Producers of apples and wine grapes in Ontario are preparing their orchards and vineyards for the long winter
By Jackie Clark
Growers raising more niche-market crops have different tasks to think about as we approach the end of fall.
For example, at Brantwood Farms in Brant County, you’ll find apple orchards along with “fruits and vegetables with a retail market and ag entertainment,” Tom Pate, the farm owner, told Farms.com. The operation’s peak season is filled with visitors for pick-your-own berries and apples, school tours, and fall festival weekends, he explained.
As fall settles in, he “makes sure the grass is short (around apple trees) so you don’t have mice hibernating in your orchard,” he said. Other producers may use mouse bait, but Pate said they don’t need to at Brantwood Farms. Nor do they spray leaves with nitrogen to help the leaves decay sooner to prevent scab in the spring, although other apple producers find the practice helpful, he explained.
“We’re in good shape for apples,” Pate said. “A big part of my focus, right through to Christmas, would be strawberries. Put straw in strawberries, put herbicide on, and I’m putting row covers on for winter protection.”
After that, it’s right back to orchard work.
“Come January, if the weather is nice, I’ll be out pruning my (apple) trees,” Pate said.
Staff at vineyards have a long fall checklist too.
With a sensitive crop, like wine grapes, a lot of time in the fall is spent ensuring the vines are protected over the winter.
“We harvested in the beginning of October, and then started to lay the vines down. So we take a few canes out of the canopy and tie them to a low wire,” Tim Kuepfer, proprietor and winemaker at Broken Stone Winery in Prince Edward County, told Farms.com.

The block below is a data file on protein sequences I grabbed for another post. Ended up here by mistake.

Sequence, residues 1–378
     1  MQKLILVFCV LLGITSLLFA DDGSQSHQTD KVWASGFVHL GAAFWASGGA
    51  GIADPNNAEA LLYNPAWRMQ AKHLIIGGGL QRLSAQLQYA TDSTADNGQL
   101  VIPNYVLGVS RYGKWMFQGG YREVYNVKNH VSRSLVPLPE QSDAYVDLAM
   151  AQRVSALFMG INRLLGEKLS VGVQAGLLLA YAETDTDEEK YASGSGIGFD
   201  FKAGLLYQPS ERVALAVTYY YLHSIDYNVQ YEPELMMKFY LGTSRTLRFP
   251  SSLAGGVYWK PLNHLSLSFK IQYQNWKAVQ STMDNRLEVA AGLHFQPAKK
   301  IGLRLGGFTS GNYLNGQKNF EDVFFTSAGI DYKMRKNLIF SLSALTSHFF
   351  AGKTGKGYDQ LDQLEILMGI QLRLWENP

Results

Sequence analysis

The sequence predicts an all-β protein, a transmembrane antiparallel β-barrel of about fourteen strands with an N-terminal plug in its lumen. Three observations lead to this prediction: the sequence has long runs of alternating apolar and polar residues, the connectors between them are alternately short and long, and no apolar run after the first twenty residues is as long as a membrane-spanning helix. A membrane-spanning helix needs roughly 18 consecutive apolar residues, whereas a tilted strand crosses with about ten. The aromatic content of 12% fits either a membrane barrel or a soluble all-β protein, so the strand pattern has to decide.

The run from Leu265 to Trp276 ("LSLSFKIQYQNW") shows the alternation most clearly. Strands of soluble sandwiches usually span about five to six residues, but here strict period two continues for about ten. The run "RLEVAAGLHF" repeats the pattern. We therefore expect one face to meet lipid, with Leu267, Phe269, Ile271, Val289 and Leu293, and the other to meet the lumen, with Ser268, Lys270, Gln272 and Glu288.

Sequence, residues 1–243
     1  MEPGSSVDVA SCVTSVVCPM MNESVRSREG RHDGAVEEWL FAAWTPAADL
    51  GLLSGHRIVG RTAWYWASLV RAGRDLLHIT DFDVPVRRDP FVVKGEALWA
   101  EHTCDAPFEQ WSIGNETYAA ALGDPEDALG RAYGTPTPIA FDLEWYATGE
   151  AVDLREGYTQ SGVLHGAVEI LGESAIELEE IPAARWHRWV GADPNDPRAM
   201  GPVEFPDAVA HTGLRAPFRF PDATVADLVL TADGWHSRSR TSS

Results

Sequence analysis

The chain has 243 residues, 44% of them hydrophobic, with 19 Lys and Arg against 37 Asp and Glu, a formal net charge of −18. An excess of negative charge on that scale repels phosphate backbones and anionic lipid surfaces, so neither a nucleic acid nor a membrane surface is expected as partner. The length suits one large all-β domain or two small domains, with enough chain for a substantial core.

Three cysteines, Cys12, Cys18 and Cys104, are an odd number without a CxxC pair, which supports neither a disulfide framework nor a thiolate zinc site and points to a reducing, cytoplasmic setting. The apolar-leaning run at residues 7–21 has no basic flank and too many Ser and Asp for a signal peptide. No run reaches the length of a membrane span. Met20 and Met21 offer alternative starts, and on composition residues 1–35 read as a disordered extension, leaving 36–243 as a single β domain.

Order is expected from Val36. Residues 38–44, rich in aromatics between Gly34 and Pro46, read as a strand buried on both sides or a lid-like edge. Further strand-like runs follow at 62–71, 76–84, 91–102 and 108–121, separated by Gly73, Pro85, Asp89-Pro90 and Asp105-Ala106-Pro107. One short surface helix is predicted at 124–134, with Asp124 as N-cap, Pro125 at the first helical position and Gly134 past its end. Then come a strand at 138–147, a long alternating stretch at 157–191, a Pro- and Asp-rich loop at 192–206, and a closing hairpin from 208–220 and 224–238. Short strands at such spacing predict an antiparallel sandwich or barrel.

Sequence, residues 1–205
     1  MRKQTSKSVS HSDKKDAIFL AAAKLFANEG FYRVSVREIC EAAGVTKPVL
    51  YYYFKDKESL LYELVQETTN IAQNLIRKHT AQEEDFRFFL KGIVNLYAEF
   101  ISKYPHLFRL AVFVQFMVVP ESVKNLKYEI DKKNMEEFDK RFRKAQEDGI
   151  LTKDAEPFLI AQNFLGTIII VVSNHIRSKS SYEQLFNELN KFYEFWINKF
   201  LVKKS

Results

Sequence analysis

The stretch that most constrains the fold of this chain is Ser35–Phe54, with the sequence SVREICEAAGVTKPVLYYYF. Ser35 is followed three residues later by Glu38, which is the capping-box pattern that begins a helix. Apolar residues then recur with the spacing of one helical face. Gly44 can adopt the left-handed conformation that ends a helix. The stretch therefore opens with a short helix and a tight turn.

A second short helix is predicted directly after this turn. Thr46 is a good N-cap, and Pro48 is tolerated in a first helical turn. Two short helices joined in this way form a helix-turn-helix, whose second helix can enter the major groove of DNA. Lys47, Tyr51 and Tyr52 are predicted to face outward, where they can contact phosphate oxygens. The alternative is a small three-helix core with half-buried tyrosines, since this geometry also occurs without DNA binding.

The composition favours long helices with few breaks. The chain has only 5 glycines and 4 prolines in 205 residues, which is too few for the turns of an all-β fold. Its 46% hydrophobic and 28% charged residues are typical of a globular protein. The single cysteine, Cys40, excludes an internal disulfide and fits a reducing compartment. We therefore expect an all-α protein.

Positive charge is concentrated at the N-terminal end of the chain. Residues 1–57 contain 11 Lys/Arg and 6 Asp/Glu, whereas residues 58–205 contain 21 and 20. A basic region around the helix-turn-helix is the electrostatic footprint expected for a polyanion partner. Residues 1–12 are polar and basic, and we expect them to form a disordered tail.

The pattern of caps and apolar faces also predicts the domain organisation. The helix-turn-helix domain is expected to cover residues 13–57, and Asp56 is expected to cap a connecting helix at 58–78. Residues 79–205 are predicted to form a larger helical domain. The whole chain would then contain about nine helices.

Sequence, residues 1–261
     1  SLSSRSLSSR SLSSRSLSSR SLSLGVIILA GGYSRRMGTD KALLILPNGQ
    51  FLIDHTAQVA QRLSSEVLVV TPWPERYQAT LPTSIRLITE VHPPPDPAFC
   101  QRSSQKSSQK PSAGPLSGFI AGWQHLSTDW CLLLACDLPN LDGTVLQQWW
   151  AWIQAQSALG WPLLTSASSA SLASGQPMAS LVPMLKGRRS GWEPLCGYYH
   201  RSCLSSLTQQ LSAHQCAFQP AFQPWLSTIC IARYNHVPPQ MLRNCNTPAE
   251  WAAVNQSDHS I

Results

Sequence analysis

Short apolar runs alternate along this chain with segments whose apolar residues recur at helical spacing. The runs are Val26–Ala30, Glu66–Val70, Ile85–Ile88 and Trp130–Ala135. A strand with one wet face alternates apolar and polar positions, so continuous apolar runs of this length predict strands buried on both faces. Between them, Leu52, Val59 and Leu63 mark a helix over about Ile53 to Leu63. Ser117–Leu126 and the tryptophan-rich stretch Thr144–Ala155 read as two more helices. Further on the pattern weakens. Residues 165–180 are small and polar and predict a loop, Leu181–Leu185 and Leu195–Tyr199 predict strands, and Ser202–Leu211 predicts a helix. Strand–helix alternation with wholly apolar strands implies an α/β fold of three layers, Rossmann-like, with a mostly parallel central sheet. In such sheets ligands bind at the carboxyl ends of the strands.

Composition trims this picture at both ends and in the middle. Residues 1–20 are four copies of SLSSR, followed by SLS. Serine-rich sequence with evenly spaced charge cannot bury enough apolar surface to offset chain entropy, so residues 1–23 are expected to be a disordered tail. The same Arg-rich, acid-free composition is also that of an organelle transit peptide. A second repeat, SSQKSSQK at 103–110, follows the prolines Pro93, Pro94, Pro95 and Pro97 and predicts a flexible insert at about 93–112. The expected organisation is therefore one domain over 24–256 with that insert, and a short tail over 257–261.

“We have to protect our vines against extreme cold,” he explained. “In our vineyard, we either bury vines or we use cloth row covers to protect them.”
To bury the vines, Kuepfer uses a moldboard plow to make a ridge, and for the cloth “we prune off all the extra stuff. (Then) we drape the cloth overtop, and that keeps it warm enough, like a little tent,” he said.
The work is labour intensive and much of it happens after seasonal work contracts end. After a busy closing season, growers prioritize business planning and family time over the winter.
“For me, the main thing is trying to sell the wine that I’ve made. There’s planning for next year, and creating marketing materials,” Keupfer said.
“During harvest and tie down, it’s really a lot of pressure to work a lot of hours. So we try to swing the pendulum the other way and I spend a lot of time with my wife and kids.”
In late winter and early spring, production ramps right back up for these growers.
“I usually get the greenhouse going on March 1,” Pate said. Then, it’s off into a busy season of planting transplants, maintaining orchards, and welcoming the public back to Brantwood Farms.
Keupfer and his crew also hit the ground running at the start of the new season.
“My crew is generally all back by May 1 and we’ll do the pruning and tying the vines back up to the trellis,” Keupfer said.
Karl Papst\iStock\Getty Images Plus photo